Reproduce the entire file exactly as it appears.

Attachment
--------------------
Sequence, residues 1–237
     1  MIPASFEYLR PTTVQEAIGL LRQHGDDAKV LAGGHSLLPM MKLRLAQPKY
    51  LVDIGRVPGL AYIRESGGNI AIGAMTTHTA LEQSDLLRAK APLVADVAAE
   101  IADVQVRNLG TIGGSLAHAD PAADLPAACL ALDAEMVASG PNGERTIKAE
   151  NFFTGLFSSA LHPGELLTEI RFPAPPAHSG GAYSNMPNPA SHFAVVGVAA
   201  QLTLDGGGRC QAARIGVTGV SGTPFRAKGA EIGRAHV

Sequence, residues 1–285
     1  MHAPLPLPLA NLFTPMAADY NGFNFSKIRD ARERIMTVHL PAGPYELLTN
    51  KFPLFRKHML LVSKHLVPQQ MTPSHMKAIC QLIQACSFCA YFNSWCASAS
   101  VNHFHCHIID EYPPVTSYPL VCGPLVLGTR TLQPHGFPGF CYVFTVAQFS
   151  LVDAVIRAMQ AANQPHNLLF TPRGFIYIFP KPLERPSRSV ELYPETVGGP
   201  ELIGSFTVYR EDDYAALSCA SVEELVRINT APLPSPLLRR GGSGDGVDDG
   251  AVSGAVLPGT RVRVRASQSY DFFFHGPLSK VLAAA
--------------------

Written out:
Sequence, residues 1–237
     1  MIPASFEYLR PTTVQEAIGL LRQHGDDAKV LAGGHSLLPM MKLRLAQPKY
    51  LVDIGRVPGL AYIRESGGNI AIGAMTTHTA LEQSDLLRAK APLVADVAAE
   101  IADVQVRNLG TIGGSLAHAD PAADLPAACL ALDAEMVASG PNGERTIKAE
   151  NFFTGLFSSA LHPGELLTEI RFPAPPAHSG GAYSNMPNPA SHFAVVGVAA
   201  QLTLDGGGRC QAARIGVTGV SGTPFRAKGA EIGRAHV

Sequence, residues 1–285
     1  MHAPLPLPLA NLFTPMAADY NGFNFSKIRD ARERIMTVHL PAGPYELLTN
    51  KFPLFRKHML LVSKHLVPQQ MTPSHMKAIC QLIQACSFCA YFNSWCASAS
   101  VNHFHCHIID EYPPVTSYPL VCGPLVLGTR TLQPHGFPGF CYVFTVAQFS
   151  LVDAVIRAMQ AANQPHNLLF TPRGFIYIFP KPLERPSRSV ELYPETVGGP
   201  ELIGSFTVYR EDDYAALSCA SVEELVRINT APLPSPLLRR GGSGDGVDDG
   251  AVSGAVLPGT RVRVRASQSY DFFFHGPLSK VLAAA